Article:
The troubled Broadway production "Spider-Man: Turn Off The Dark" looks to, much to my surprise, actually be coming out. The presale has already begun, and tickets go on sale to the public at large on August 14th.
Just the idea of a Spider-Man musical seems a bit absurd. When you add that it's directed by veteran director Julie Taymor and features music and lyrics by rock legends Bono and the Edge of U2, it becomes that much more fascinating.
The budget is reportedly north of $50 million, and the production went into deep debt and looked frequently during its development that it may never happen. Evan Rachel Wood and Alan Cumming, who were originally cast as Spider-Man's love Mary Jane Watson and villain Green Goblin, respectively, both left the production during its protracted difficulties. However, it's finally set to launch, starring Los Angeles rocker Reeve Carney as Peter Parker, the amazing Spider-Man.
I had the chance to attend a screening of 1991 Disney film "The Rocketeer" at the Arclight Hollywood last night. It's always fun to watch a movie on the big screen with an engaged audience of passionate fans. You can see the trailer here:
The screening was part of a month-long film series being presented by the official Disney fan club, D23. Someone from D23 introduced the film and played movie trivia with the crowd for prizes. He also spoke with a representative from the Disney archives who talked about artifacts from the film, such as the rocket pack itself, which actually shoots fire since it's from the days when a lot less was done with CGI.
They polled the audience to see if anyone who worked on the film was there, and who would turn out to be in the audience but one of the film's co-writers, Danny Bilson. They invited him up front, where he talked about the initial plans for a Rocketeer 2 and 3, but how that was scuttled by poor domestic box office after being killed by "Robin Hood: Prince of Thieves." (As one of the moderators noted, how history might have differed if "The Rocketeer" had a Bryan Adams song.)
I saw an interesting song moving up the "MP3 Songs Movers & Shakers" list on Amazon this morning: "Non, Je Ne Regrette Rien" by Edith Piaf. Those of you who've seen the film "Inception" can probably guess why this 50-year-old song is suddenly burning up the charts once more, as it plays a significant role in the movie.
Edith Piaf has had a bit of a renaissance in recent years. She also came to attention when the biographical film "La Vie En Rose" came out in 2007, winning star Marion Cotillard the Academy Award for Best Actress. (Marion Cotillard also appears in "Inception," adding to the film's twisty nature when combined with the Piaf song on the soundtrack; coincidence?)
You can listen to both the album and a live version of Piaf's "Non, Je Ne Regrette Rien" below.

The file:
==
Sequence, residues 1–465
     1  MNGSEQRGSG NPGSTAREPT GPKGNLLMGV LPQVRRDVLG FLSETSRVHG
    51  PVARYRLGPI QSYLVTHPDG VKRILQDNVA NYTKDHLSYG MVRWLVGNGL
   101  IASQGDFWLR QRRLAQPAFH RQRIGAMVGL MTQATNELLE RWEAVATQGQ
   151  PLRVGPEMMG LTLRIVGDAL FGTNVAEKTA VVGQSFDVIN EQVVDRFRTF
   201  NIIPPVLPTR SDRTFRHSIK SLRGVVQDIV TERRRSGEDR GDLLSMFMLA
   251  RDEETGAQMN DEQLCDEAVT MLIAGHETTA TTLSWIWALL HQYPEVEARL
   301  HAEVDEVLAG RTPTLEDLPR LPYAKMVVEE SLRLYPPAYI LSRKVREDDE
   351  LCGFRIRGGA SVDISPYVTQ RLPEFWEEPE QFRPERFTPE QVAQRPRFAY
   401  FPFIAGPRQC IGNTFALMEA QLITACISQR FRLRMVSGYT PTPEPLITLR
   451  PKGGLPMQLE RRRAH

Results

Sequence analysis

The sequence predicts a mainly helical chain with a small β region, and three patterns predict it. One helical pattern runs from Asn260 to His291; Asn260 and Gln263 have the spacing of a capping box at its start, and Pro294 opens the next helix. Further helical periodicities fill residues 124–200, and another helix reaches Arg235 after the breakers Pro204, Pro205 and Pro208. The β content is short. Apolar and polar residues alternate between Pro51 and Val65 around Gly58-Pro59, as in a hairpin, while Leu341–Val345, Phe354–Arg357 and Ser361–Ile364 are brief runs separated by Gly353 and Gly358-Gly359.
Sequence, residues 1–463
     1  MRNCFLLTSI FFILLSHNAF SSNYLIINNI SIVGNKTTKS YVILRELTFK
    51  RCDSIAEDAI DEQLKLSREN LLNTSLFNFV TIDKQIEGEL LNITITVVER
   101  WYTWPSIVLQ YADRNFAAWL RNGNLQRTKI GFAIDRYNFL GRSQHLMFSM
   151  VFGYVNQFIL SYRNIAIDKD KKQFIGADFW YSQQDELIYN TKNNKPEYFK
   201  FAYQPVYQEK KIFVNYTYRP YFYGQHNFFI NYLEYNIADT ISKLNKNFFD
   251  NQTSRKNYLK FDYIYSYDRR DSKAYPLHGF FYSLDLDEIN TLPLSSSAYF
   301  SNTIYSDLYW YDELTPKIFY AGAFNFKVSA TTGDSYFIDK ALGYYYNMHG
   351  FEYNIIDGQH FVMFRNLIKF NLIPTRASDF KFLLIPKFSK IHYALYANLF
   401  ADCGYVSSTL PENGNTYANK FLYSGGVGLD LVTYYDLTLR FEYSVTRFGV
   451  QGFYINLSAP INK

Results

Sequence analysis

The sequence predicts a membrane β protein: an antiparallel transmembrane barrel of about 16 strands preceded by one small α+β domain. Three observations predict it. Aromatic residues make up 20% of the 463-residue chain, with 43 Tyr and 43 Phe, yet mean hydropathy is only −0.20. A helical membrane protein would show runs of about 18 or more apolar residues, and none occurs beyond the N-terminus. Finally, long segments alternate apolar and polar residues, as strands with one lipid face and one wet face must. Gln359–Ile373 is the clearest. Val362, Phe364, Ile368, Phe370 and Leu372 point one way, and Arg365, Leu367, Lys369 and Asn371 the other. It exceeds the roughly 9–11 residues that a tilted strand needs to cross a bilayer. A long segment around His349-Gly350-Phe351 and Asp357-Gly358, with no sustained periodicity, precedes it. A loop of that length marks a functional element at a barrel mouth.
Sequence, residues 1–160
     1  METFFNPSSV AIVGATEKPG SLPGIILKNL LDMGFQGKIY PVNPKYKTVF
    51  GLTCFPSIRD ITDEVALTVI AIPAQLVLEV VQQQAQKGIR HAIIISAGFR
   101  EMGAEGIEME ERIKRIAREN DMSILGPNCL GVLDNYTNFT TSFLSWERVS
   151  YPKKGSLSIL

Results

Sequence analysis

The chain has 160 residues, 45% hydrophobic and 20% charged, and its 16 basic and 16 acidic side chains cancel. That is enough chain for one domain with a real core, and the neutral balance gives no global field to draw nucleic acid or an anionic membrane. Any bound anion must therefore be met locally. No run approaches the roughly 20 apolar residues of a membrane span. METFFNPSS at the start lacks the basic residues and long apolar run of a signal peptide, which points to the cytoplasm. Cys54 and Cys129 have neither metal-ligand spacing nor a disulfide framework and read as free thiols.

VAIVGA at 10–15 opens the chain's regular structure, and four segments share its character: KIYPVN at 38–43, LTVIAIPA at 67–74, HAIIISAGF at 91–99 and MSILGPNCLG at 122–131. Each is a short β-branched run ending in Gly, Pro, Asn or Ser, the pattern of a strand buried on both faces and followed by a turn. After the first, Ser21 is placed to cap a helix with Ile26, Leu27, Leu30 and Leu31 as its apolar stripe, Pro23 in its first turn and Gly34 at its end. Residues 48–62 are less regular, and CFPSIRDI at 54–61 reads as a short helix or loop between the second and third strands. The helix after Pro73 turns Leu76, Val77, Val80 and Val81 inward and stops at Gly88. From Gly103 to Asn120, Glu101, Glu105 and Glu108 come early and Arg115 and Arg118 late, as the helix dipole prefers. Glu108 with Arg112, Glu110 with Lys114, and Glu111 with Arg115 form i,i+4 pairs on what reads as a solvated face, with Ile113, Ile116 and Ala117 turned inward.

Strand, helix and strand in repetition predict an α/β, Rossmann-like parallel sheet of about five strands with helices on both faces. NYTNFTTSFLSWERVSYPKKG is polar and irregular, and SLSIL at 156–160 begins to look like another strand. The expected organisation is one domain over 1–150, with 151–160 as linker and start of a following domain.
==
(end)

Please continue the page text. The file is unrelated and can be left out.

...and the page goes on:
As temporarily gratifying as Facebook-stalking, blog-hopping, and re-tweeting can be, in the long term, it’s bad for your health.
Mark Zuckerberg and other Internet media moguls will have to watch out for the lawsuits sure to spring up once the news gets out that too much time spent online leads to depression.
In a recent study (reported by Reuters) 1,041 internet-using Chinese teenagers between the ages of 13 and 18 were examined over a nine-month period. All of them were assessed before the study, and all were deemed depression free. After the nine months, researcher Lawrence Lam of the School of Medicine at Notra Dame in Sydney found that the teenagers who used the internet more than five hours a day were one-and-a-half times more likely to develop depression.
What does this mean for those of us that have committed, long-term relationships with our laptops? First, we must determine if our adoration for the internet is actually an addiction.
The Federal Bureau of Investigation is going after an unlikely enemy - Wikipedia.
The FBI argues that the use of the FBI's official seal on Wikipedia is unapproved. They also say that the use of a high-quality version of the FBI logo being available on Wikipedia makes it easier for others to take the seal and misuse it.
Wikipedia was uncowed and sent back a snarky response. "While we appreciate your desire to revise the statute to reflect your expansive vision of it, the fact is that we must work with the actual language of the statute, not the aspirational version of Section 701 that you forwarded to us," wrote Mike Godwin, general counsel for the Wikimedia Foundation, which runs Wikipedia.
The law cited by the FBI prohibits someone from manufacturing, selling, or possessing any badge, identification, or other insignia using the FBI logo. Wikimedia argues that this doesn't cover encyclopedia articles.
Now I'm going to move on to writing about something else, before I get a visit from the FBI.